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Mr. Mark Hendrick (Preston): May I start by thanking the people of Preston, Walton-le-Dale and Bamber Bridge who placed their trust in me by sending me to the House. Those areas were well served by my predecessor, Audrey Wise, who battled for many years on issues such as health, unemployment, housing and immigration. It is an honour to follow in her footsteps in such a wonderful town.
I have represented Preston in a different place across the water. Preston is at the centre of my former central Lancashire European constituency and is the town where I live. It is a fine town with the fastest-growing university in the land and world-beating aerospace and technology
In looking forward to the new century, it is important to look briefly at where we have come from. I should like to quote Winston Churchill, who summed up the sentiments behind closer ties between European nations when he said:
Good European connections very often start at local level with twinning agreements between towns such as Preston, Recklinghausen and Almelo. That sort of co-operation is helping to create a stronger, more unified Europe that is built from the bottom up by the people, as well as from the top down by the politicians--and may I take this opportunity to congratulate the Government on reaching an historic agreement in Nice?
Throughout history, cultural divergences and differences have provided Europe with a richness of culture unrivalled in the world. However, they have also led to some of the bitterest conflicts known to man. One need only look at a map of Europe to see where the lines of conflict have been drawn over the centuries. A determination among the leaders and people of Europe that battle lines must never again be drawn between Germany, France and Britain led to the commitment to develop cultural and historical ties between nations. However, the commitment to European co-operation and understanding between different nationalities had to go far beyond the local level, and has done so. Governments are now well aware that collective initiatives are far more effective than individual ones. It was on the basis of that belief that the European Community was founded. Although many at first doubted the ideas behind the European Union, now, almost 40 years after its creation, there can be little doubt that it has been an overwhelming success.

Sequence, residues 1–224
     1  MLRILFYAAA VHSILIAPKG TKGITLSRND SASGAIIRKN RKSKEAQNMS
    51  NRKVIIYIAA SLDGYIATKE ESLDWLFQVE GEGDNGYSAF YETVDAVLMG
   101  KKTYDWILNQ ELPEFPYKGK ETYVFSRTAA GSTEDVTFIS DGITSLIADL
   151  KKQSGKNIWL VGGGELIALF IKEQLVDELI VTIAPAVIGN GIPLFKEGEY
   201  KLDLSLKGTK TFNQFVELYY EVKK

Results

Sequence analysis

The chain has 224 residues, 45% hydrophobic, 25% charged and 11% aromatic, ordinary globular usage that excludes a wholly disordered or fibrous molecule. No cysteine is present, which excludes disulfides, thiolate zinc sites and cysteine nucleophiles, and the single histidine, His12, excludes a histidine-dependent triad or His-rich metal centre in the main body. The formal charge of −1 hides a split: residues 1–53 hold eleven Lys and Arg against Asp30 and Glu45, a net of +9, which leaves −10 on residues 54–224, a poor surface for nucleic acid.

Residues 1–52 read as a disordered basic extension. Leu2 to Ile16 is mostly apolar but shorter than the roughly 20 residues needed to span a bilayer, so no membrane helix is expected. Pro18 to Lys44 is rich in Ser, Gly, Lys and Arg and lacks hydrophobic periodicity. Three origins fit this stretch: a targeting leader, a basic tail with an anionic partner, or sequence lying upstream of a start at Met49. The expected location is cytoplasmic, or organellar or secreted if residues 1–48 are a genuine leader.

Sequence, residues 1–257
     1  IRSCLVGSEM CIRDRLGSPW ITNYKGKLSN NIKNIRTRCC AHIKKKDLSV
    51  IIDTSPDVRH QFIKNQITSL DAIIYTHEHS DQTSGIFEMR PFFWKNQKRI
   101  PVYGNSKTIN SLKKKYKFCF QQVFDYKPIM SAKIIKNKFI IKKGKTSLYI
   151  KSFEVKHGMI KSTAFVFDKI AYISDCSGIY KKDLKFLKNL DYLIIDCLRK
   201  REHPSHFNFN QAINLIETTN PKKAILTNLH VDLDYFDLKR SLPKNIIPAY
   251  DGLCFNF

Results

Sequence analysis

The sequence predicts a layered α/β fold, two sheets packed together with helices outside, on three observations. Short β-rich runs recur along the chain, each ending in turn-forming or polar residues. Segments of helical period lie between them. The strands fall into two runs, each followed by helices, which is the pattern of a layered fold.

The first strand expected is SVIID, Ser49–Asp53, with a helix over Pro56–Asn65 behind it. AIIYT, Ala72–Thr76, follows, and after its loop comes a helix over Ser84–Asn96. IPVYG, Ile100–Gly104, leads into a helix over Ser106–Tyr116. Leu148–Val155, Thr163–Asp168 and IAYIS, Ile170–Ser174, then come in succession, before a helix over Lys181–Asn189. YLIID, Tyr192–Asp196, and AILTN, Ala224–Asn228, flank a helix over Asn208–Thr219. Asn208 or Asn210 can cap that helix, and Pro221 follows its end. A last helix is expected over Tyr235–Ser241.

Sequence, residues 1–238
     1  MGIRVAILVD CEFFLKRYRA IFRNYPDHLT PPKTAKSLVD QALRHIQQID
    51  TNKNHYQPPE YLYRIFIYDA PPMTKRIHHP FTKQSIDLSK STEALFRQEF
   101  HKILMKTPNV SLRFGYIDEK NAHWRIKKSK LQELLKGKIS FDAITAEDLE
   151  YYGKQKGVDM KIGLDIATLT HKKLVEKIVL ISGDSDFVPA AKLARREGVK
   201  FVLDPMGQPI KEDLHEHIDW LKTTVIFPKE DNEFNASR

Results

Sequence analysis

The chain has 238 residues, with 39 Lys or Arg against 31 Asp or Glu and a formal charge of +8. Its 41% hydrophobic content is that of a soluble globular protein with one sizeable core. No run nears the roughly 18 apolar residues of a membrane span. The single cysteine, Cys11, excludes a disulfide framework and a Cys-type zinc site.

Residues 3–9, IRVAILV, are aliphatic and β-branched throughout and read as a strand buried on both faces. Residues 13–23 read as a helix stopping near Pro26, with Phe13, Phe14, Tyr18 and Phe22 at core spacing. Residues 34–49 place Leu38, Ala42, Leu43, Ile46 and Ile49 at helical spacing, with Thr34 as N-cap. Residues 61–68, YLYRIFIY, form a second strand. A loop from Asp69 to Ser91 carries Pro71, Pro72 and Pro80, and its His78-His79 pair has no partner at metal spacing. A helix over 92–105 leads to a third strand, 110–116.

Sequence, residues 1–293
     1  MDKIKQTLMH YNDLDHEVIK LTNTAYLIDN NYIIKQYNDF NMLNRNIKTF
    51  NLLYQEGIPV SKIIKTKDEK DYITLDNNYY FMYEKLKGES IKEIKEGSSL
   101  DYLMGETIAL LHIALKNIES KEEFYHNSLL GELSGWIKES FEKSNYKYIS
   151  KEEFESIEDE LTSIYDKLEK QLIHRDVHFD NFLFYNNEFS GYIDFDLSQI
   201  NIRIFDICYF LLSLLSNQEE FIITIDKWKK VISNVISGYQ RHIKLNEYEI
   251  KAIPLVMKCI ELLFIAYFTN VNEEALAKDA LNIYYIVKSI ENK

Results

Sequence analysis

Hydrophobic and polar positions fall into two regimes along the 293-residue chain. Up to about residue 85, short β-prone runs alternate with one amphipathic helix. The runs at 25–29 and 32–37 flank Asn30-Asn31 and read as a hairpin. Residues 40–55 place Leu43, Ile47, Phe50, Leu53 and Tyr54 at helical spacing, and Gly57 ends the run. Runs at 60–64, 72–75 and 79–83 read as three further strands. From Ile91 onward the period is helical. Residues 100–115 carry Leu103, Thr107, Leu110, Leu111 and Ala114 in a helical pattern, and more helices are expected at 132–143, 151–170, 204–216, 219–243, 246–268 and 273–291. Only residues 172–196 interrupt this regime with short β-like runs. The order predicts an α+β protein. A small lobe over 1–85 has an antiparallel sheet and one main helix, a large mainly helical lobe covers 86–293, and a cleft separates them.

Since 1957, the European Union has grown stronger year by year. Not only have new member states joined the original six, so that the European Union now comprises 15 member states, but, as we have seen in Nice, Europe is increasingly expanding its vision eastward to encompass the countries of central and eastern Europe. However, the European Union beyond 2000 will not just be a Europe with increased membership: its policies have also grown considerably in the years since its founding. Withdrawal from Europe is now virtually an impossible option. Whether loose talk about reserve powers to end Britain's commitment to the EU treaties is a rejection of any possibility or is based on the discredited notion of joining the North American Free Trade Agreement, such messages undermine British interests.
Three million jobs depend on our trade with the European Union. Massive advances have been made in social and environmental legislation. A Tory recipe for the isolation of Britain in an era of globalisation is folly. It is unnecessary because the European Union does not pose a threat on health, education, defence, welfare or tax. Indeed, the EU's involvement in all those matters has been of great benefit to Britain.
The myth is still being peddled that an anonymous bureaucracy in Brussels takes decisions on European legislation, not the elected representatives of national member Governments and directly elected European parliamentarians.